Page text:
UFC 123: George Sotiropoulos and His Rubber Guard
George Sotiropoulos heads into Saturday’s tilt against Joe Lauzon as one of the top contenders in the UFC Lightweight division. A lifelong martial artist, Sotiropoulos is a well-rounded fighter with crisp boxing and is one of Australia’s first Brazilian Jiu Jitsu black belts. Sotiropoulos’ skills were enough to earn a spot in The Ultimate Fighter house.
After The Ultimate Fighter, Sotiropoulos used his found connections to travel the states and train at some of the best U.S. schools. He spent time at Serra Jiu Jitsu, Xtreme Couture and finally 10th Planet Jiu Jitsu, a style of Brazilian Jiu Jitsu founded by Eddie Bravo, an ADCC World Champion and the first American to make a Gracie tap out in a jiu jitsu match.
Bravo’s style is purely no gi and focuses heavily on using flexibility and unorthodox positions to off-balance even the most experienced grapplers. The corner stones of 10th Planet Jiu Jitsu is the "rubber guard" and "twister side control."
The rubber guard is something that is often misunderstood by fans and used very well by Sotiropoulos. Controlling posture is the most important aspect of playing guard in grappling or MMA: it gives better control, opens up more sweeps and submissions and stops punches to the face. In traditional jiu jitsu the grips on the gi make posture control much easier; in no gi, controlling posture in the guard is far more difficult.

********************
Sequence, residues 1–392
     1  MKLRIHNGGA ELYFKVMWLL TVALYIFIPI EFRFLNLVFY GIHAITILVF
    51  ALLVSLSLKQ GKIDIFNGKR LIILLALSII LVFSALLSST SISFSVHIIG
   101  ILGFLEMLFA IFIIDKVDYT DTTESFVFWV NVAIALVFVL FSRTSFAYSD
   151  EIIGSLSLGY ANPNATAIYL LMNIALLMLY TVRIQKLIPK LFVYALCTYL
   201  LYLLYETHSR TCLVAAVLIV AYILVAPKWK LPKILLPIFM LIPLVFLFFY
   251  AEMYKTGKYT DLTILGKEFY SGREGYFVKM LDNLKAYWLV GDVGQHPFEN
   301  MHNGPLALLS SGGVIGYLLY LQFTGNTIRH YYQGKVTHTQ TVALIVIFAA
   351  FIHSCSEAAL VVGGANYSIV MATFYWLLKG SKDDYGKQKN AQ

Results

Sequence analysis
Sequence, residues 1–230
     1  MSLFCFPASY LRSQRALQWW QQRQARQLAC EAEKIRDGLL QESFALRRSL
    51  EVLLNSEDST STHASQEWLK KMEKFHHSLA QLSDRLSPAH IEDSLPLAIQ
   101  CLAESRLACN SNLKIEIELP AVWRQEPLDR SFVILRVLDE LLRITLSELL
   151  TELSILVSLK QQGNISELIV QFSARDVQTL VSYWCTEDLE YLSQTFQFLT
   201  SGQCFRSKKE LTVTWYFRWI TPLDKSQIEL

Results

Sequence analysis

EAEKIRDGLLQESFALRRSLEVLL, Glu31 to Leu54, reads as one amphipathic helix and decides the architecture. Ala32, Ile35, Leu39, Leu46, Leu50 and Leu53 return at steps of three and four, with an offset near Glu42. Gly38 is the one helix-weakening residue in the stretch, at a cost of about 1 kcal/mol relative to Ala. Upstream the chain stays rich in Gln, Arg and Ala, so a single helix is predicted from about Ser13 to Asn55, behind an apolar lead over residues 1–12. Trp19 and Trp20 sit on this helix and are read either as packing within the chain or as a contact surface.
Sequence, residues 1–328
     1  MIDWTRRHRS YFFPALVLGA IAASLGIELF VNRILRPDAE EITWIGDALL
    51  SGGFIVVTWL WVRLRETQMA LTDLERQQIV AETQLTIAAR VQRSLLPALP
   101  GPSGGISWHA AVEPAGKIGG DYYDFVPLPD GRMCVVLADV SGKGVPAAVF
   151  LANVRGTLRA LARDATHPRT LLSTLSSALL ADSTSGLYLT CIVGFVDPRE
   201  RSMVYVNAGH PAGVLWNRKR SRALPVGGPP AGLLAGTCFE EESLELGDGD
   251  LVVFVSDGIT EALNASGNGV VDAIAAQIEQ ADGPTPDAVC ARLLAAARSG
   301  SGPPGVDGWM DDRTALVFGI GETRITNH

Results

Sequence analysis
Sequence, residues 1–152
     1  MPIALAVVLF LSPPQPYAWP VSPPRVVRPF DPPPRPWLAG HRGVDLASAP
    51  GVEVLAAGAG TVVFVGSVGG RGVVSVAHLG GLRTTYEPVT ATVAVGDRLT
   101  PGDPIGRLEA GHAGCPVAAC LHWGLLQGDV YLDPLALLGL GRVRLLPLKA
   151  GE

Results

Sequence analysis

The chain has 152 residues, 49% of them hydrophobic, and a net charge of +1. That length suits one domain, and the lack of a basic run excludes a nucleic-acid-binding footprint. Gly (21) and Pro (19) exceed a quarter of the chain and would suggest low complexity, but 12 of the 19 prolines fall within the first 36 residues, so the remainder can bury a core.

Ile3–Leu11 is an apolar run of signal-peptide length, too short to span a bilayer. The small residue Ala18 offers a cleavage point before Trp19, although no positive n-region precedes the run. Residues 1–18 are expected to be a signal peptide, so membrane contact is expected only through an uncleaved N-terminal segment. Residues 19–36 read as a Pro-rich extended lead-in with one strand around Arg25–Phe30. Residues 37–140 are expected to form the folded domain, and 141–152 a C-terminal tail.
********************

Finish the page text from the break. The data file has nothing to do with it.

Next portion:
With the rubber guard, the bottom player uses an hook on his own leg to break down his opponent’s posture. Now this is often confused with a regular high guard where the fighter grabs his own shin. There are key differences, the biggest is that in the rubber guard, the guard player goes under his own leg and hooks it with his ankle.
There is then a progression of positions to trap the opponent’s arm on the ground and then create an opening for submissions. This progression is complicated to explain and has a series of odd names, so here is a video where 10th Planet brown belt Ari Bolden of Submissions 101 walks through the basic progression.
Sotiropoulos used that progression to perfection against Joe Stevenson. He was able to completely control Stevenson in the guard and attain the "chill dog" position several times. From that position there are several attacks, but many Sotiropoulos seems to prefer to attack with the omoplata as the video showed because even if he doesn’t finish the submission, he still has gone from being on the bottom of guard to a controlling top position.
Joe Lauzon is an experienced and dangerous grappler, as he reminded Gabe Ruediger with his dominating two-minute armbar victory at UFC 118. Lauzon would be foolish to keep the fight standing, where Sotiropoulos would have a clear advantage, guard play could be deciding factor in their match.
Where 10th Planet fits into the larger picture of Brazilian Jiu Jitsu is hotly debated in the grappling world. Many traditional Jiu Jitsu figureheads scoff at Bravo for simply renaming techniques that already existed, like the high guard. I don’t want to get too deeply into this debate but in my view. While Bravo hasn’t fundamentally changed Jiu Jitsu, he has systematized his "high guard" in a way nobody before has.
The Rubber Guard is a very effective and aggressive guard that allows for sweeps and submissions while providing superb posture control, but it relies heavily on the fighter being gifted with unusual flexibility.
This video that is an excellent example of the rubber guard aggressive nature in an MMA match. Shuichiro Katsumura goes from the traditional closed guard straight to "New York" and then swims over to "Chill Dog." When his opponent defends against the omoplata, Katsumura finishes with the Ninja Choke, a modified guillotine choke/neck crank.